Grand Pa­rade div­i­dend on hold

• Em­pow­er­ment group de­fers pay­out as new food busi­nesses test lo­cal con­sumer wa­ters

Business Day - - FRONT PAGE - Marc Hasen­fuss Ed­i­tor at Large Thurs­day’s info: hasen­

Cape-based em­pow­er­ment group Grand Pa­rade In­vest­ments, which has a record of re­ward­ing share­hold­ers with reg­u­lar dividends, has de­ferred a de­ci­sion on a pay­out for the 2017 fi­nan­cial year.

Cape-based em­pow­er­ment group Grand Pa­rade In­vest­ments (GPI), which has a record of re­ward­ing share­hold­ers with reg­u­lar dividends, has de­ferred a de­ci­sion on a pay­out for the 2017 fi­nan­cial year.

GPI holds cash-gen­er­a­tive in­vest­ments in the form of sig­nif­i­cant mi­nor­ity stakes in the GrandWest casino in Cape Town, al­ter­na­tive gam­ing busi­ness Grand­slots and food fran­chisor Spur Cor­po­ra­tion.

But the com­pany is still in cap­i­tal-hun­gry de­vel­op­ment phase with its own fast-food thrust via Burger King, Dunkin’ Donuts and Baskin-Rob­bins.

On Thurs­day, GPI chair­man Hassen Adams said while the com­pany was com­mit­ted to re­main­ing div­i­dend-ac­tive, any dis­tri­bu­tion for 2017 would be con­sid­ered only when fu­ture cash flows could be de­ter­mined with greater cer­tainty.

Adams said spe­cial dividends would be paid out of sur­plus pro­ceeds from the real­i­sa­tion of in­vest­ments. GPI last de­clared a div­i­dend in late Novem­ber 2016, dis­tribut­ing 25c per share or R122m for the 2016 fi­nan­cial year. Adams said GPI recognised that while its food in­vest­ments were in early or start-up phase, the com­pany would con­tinue to adopt a con­ser­va­tive ap­proach on its gear­ing for ex­ist­ing op­er­a­tions.

He said that over the past 36 months, GPI had de­creased its gear­ing lev­els from 35.5% to 16.8% af­ter par­tial dis­pos­als in its gam­ing and leisure port­fo­lio.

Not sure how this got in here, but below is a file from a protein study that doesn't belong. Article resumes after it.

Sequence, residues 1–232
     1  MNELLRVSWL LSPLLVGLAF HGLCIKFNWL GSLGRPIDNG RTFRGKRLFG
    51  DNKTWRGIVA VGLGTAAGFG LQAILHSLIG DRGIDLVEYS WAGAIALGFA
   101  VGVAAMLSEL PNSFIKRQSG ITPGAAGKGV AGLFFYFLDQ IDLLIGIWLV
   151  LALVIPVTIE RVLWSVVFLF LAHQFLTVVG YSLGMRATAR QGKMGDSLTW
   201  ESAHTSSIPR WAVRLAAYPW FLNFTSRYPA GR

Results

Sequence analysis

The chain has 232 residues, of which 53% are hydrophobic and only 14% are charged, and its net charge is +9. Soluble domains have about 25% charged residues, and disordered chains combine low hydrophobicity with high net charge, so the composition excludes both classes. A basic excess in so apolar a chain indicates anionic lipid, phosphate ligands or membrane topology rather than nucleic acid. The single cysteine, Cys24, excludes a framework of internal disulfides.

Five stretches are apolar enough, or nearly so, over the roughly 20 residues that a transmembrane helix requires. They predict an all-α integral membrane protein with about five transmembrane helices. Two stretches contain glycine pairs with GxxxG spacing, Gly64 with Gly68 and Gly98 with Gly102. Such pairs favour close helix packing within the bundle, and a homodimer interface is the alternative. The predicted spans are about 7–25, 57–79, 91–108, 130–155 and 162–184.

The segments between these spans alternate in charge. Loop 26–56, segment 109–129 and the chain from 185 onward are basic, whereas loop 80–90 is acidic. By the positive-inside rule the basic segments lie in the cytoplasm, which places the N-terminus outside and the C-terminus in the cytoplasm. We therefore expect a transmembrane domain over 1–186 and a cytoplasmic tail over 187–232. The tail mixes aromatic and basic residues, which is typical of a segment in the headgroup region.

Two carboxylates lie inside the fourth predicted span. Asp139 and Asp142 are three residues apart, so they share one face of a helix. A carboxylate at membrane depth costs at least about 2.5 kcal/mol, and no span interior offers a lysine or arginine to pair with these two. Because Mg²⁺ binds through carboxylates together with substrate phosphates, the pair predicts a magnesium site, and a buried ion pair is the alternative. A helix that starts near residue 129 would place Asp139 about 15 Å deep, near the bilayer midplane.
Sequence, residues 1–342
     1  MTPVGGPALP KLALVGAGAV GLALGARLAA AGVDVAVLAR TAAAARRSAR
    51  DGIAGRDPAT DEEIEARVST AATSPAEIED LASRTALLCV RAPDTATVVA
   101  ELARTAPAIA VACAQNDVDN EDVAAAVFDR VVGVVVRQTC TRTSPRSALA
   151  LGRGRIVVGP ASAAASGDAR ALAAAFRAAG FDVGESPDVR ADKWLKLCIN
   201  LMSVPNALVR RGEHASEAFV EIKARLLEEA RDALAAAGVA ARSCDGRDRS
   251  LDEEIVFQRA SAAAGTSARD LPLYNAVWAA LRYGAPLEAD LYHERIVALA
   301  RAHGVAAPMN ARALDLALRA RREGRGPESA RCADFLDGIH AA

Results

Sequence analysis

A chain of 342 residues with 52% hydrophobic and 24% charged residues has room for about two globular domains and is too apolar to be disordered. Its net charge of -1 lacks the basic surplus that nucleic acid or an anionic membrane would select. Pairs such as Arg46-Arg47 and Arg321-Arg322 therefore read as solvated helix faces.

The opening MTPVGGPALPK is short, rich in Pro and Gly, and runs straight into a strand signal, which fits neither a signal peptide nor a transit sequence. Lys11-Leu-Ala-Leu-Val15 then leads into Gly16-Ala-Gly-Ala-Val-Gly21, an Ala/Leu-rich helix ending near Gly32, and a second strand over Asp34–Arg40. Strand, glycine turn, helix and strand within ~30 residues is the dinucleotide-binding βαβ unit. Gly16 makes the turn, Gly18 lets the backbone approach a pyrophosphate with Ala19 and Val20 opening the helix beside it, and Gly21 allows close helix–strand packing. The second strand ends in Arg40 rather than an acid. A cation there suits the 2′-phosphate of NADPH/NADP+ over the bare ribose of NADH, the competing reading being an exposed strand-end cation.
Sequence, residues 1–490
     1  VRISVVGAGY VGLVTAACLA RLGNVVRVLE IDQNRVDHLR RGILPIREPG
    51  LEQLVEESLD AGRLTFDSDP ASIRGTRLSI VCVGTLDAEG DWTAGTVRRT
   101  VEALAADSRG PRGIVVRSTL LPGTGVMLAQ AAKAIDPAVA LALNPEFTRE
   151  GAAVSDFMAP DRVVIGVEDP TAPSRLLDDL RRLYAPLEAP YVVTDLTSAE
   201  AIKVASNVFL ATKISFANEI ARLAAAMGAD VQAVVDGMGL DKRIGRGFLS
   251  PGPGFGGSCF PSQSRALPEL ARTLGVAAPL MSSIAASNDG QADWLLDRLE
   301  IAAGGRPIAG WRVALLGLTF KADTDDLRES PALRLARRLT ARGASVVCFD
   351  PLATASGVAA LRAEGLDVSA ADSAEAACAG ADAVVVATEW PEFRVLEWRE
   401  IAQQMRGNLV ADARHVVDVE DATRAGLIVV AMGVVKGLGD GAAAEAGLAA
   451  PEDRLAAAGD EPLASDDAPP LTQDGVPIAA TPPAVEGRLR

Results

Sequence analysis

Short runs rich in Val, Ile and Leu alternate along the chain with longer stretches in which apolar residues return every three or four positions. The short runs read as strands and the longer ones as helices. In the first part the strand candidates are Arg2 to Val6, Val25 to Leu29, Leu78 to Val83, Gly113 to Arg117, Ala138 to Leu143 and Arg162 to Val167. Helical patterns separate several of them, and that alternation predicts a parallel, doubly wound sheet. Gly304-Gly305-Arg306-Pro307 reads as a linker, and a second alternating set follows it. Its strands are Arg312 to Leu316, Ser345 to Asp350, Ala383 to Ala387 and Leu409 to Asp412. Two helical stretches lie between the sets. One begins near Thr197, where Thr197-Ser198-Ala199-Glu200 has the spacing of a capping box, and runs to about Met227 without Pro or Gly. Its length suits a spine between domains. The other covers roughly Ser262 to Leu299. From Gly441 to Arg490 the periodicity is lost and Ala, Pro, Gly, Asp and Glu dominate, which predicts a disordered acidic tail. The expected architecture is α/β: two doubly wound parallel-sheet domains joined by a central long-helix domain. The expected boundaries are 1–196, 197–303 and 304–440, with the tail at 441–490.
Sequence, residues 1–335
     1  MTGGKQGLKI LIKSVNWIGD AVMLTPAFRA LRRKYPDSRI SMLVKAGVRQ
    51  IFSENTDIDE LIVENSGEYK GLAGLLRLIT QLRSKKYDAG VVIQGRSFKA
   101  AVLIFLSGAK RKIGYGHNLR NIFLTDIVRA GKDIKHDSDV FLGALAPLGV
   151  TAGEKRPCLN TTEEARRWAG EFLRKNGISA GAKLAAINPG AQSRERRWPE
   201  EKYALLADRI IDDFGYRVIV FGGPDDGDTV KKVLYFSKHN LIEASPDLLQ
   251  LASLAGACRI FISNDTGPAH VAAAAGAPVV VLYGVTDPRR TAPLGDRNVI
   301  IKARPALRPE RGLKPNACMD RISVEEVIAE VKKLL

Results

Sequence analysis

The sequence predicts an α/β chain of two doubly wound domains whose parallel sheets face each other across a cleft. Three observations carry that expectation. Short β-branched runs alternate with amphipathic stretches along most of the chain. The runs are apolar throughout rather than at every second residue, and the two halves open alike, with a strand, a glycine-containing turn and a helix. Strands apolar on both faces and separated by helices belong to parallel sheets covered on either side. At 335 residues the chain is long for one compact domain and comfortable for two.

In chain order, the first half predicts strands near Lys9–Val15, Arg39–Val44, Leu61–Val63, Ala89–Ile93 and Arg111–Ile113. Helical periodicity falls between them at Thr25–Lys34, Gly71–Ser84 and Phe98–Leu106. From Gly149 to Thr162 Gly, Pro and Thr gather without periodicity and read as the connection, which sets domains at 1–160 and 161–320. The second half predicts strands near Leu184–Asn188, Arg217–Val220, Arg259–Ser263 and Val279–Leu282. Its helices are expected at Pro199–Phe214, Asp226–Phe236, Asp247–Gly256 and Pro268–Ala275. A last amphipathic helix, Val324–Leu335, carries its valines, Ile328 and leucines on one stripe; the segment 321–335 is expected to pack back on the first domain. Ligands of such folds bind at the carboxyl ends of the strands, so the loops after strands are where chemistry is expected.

GPI’s tar­geted debt eq­uity range was set be­tween 20.0% and 35.0%, Adams said.

He be­lieved the cur­rent level of gear­ing would al­low the com­pany to raise fund­ing at more pref­er­en­tial rates.

Adams noted the com­pany’s ex­po­sure to the South African con­sumer had cre­ated un­cer­tainty that had re­sulted in a sig­nif­i­cant in­crease in the cost of debt avail­able over the last year.

“We have iden­ti­fied the fa­cil­i­ties which are rel­a­tively cheap in com­par­i­son to the pre­vail­ing mar­ket rates and will look to re­tain those fa­cil­i­ties….”

Vu­nani Se­cu­ri­ties an­a­lyst An­thony Clark said GPI still had “enor­mous bal­ance sheet strength” with un­der­ly­ing in­vest­ments in gam­ing be­ing “prodi­gious cash in­fusers”.

He said that an in­trin­sic net as­set value of 698c per share – which is far higher than the rul­ing share price – of­fered added com­fort for share­hold­ers, while the food busi­nesses were gen­er­at­ing losses.

Since fi­nan­cial year-end, GPI has also em­barked on sev­eral dis­pos­als, no­tably the sale of prop­er­ties in Cape Town and Sand­ton for R64m and the dis­posal of its 51% stake in Grand Tel­lumat Man­u­fac­tur­ing for R15m. A di­vi­sional break­down showed Burger King con­tribut­ing a loss of R10m at head­line earn­ings level, but was prof­itable at an ebitda (earn­ings be­fore in­ter­est, tax, de­pre­ci­a­tion and amor­ti­sa­tion) level.

Adams said the net restau­rant move­ment in­cluded the open­ing of four new restau­rants and the clo­sure of five un­prof­itable restau­rants in Jo­han­nes­burg and KwaZulu-Na­tal.

Most en­cour­ag­ing was that the av­er­age monthly restau­rant rev­enues in­creased by 9.26%, from R785,000 in 2016, to R865,000 be­cause of a rise of al­most 2% in restau­rant com­par­a­tive sales and a pro­por­tional in­crease in rev­enue de­rived from new Drive Thru sites.

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